A hit from the get-go, nabbing best script and best music at its premiere during last year’s Canneseries world premiere, Norway’s petrol-fueled drama “State of Happiness” launched on broadcaster NRK in October to an impressive 629,000 linear viewers, equating to a 37.4% share, with another 70,000 watching it online.
“State of Happiness” is the story of a group of young Norwegians living in the small Norwegian fishing village of Stavanger, and how their lives change after oil was discovered just off the coast. The series’ eight episodes cover an eight year period from 1969 to 1972.
Season 2 is already well into development and will kick off in 1977 and covers the three years that follow. It proposes to examine the lengths people are willing to go to for wealth, and how that wealth can change them. It also promises a major off-shore accident.
This week the series was selected to participate in Göteborg’s Nordic Light: TV Drama section, with writer Mette M. Bølstad nominated for her work. The series was also a finalist for the Nordisk Film & TV Fond Prize outstanding writing.
Bølstad’s previous credits include series “Sonja: The White Swan,” “The Half-Brother” and “Nobel,” which won the writer´s prize at Goteborg two years ago. She has written for Radio, BBC4 and The Bush Theatre and been script consultant for the Norwegian Film Institute.
The series is produced by Norway’s Maipo Film’s, whose first film “Elling” was nominated for an Oscar in 2001. Since then the company has established itself as one of Scandinavia’s preeminent production companies for film and TV.
Maipo producer Synnøve Hørsdal and Bølstad discussed the series with Variety during their time in Goteborg.
What does the festival success of the series, and the recognition of your contribution to it mean to you?
Bølstad: It means a lot. Cannes was a wonderful start – we were still editing at the time, and it gave us all a massive boost. Göteborg is great as well. Now we have screened it in Norway and Denmark, and will start to travel to other countries, so this is a good way to begin that journey. Also, I appreciate that the festival in Goteborg focuses on the writing. We deserve that.
Can you talk about developing the series together?
Bølstad: I work full time at Maipo, and all my projects go through Synnøve. It is efficient, fun and interesting. She knows what I can do, and I try to understand what she’s doing. That means that she doesn’t need to go into detail, we only discuss what we want something to be, not how it’s going to be done. We react surprisingly similarly to most things. So, I know that what I want is being dealt with, and vice versa.
Hørsdal: Mette and I work quite closely. From the start as this is a story that originated and was developed by me. Throughout the process we have several workshops where we spend one-to-three days going through the material. Throughout the process we talked, and I read her work regularly. Working with Mette is one of the most enjoyable things I do in my job, especially when we go somewhere and work for several days. Mette is very good at taking characters that are recognizable and just when you think you know exactly what they are going to do or react she twists it in a way you did not see coming.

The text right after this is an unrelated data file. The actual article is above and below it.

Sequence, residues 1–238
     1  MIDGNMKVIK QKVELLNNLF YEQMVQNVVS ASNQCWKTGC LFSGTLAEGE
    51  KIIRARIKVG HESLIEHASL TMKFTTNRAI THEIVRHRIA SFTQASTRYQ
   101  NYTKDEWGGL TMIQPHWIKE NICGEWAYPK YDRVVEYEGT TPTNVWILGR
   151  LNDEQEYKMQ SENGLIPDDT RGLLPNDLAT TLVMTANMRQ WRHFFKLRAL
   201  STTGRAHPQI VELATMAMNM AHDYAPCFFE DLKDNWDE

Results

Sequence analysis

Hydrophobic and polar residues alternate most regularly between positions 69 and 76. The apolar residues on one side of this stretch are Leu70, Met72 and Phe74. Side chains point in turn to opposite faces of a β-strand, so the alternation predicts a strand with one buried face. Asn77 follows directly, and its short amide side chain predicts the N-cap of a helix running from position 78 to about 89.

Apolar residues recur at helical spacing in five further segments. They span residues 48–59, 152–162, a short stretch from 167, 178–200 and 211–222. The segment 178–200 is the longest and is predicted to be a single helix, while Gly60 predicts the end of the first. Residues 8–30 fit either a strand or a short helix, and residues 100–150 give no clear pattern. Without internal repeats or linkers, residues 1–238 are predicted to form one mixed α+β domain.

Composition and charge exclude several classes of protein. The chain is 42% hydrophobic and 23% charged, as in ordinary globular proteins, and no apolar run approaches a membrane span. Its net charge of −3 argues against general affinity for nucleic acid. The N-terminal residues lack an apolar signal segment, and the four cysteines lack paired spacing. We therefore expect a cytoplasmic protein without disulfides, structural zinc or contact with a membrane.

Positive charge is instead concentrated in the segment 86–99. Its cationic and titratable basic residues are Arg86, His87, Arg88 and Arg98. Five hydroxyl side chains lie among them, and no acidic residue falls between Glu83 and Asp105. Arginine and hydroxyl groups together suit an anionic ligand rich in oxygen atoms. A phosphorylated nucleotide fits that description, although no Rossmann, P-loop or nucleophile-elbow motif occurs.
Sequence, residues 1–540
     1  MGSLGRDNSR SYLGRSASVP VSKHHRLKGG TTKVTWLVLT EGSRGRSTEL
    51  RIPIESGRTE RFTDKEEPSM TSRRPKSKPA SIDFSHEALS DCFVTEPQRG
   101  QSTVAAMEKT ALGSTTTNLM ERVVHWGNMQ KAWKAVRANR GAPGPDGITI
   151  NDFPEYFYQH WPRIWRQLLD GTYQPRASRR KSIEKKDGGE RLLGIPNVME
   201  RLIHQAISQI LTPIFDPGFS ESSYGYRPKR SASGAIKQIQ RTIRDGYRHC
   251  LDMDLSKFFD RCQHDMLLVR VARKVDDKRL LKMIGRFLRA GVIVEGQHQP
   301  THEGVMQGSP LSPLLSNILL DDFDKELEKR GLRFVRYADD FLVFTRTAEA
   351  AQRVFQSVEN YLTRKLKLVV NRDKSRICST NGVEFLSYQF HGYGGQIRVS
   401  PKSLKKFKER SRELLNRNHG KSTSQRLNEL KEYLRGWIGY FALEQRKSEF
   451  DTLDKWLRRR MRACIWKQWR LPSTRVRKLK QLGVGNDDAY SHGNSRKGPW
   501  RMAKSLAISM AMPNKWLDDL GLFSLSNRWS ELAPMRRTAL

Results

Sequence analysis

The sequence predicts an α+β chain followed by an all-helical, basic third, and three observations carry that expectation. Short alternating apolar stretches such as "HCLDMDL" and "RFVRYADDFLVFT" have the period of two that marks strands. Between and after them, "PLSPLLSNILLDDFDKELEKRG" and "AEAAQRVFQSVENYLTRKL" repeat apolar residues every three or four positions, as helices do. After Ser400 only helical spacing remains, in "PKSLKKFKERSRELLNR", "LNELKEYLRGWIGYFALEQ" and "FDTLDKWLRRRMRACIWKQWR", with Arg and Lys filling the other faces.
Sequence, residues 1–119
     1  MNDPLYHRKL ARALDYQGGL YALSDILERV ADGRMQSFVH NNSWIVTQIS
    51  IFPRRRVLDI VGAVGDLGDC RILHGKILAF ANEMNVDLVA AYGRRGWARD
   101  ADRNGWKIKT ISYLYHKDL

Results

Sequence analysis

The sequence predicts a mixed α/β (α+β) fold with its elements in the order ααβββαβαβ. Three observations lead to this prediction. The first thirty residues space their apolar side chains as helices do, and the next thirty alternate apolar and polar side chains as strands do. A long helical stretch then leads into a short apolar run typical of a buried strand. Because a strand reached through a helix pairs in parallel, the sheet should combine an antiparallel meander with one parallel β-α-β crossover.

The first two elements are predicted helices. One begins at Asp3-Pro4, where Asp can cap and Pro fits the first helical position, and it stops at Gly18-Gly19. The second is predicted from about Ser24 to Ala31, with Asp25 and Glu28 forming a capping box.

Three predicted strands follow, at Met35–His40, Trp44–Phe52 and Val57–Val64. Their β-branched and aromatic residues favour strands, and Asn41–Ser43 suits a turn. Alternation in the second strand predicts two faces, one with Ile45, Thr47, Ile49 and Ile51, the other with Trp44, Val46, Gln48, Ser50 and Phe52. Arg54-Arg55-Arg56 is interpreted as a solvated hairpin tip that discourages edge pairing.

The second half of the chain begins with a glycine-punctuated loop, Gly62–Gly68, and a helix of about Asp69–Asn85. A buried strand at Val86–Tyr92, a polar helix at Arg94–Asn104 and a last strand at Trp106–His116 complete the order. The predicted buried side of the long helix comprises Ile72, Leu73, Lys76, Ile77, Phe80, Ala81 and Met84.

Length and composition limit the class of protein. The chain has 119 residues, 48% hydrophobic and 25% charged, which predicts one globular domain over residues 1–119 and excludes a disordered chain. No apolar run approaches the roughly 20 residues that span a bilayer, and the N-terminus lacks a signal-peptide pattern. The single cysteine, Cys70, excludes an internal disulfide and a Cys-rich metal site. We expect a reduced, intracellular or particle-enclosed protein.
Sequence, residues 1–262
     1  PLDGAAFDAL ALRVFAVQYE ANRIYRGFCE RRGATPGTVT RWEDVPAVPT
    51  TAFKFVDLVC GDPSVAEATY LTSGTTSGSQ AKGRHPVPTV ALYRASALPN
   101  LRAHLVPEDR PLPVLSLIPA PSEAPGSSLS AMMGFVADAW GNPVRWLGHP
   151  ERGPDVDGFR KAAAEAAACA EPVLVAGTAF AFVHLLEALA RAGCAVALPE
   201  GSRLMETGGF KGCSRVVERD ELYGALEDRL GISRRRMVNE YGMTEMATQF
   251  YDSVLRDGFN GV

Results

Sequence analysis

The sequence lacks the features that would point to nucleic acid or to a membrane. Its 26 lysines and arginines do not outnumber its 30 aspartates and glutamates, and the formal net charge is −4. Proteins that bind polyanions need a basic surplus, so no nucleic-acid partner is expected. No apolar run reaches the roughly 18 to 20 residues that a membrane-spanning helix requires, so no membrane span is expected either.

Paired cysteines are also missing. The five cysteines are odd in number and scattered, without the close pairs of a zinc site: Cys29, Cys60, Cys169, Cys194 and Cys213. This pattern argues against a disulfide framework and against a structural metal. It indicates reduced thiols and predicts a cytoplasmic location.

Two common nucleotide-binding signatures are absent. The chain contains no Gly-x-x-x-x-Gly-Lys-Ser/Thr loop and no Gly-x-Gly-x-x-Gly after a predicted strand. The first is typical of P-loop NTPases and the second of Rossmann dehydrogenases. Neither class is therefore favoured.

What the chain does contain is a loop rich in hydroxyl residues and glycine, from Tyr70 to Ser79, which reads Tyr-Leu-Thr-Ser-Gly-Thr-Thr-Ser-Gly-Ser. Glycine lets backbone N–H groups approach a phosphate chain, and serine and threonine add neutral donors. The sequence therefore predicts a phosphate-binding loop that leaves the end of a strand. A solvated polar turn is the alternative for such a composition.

How is the discovery of oil nearly half a century ago still affecting the Norwegian people in the communities where the series takes place?
Bølstad: Oil has changed the whole of Norway. I don´t think there is any need to be cynical about wealth, but it is important to know that it’s there for a reason, and to feel some gratitude for it. For some people this has turned into greed. I hope that “State of Happiness” will be a reminder to those people.
Hørsdal: Norway is still as dependent on oil as it ever has been. Locally in Stavanger, everything is more or less related to oil for income and identity.
What was it like recreating 1970s Norway for the series? As much as some things have stayed the same, it seems there are some major cultural changes since then.
Hørsdal: Practically it is very demanding to create 1970 Stavanger. It is a region that has developed a lot due to the oil. We want to be very specific in the story. It is Stavanger, and nowhere else. But, as the money came in from the sea, Stavanger and its surroundings experienced significant development. We managed to find some corners and streets that could be used and maintain a faithful reconstruction. In terms of story and characters it is probably impossible to fully understand what it was like in the ‘70s, but it is interesting to look at some of the dilemmas they had with the benefit of hindsight.
What role does NRK play for this production?
Bølstad: We have a strong public broadcaster in Norway. Norwegians watch the state channel, so we will always be on the agenda; in public debates, by the coffee machines at work, or in social settings. There is tremendous support for drama, and that gives a lot of freedom, but also great responsibility. Obviously what we make has to be entertaining and engaging, but it should also appeal to people’s heads. In a way, everything done for NRK should strengthen democracy. I chose to do so by telling stories about lesser-known people, trying to put the audience in somebody else’s shoes. It’s nearly impossible not to like someone when you really get to know them.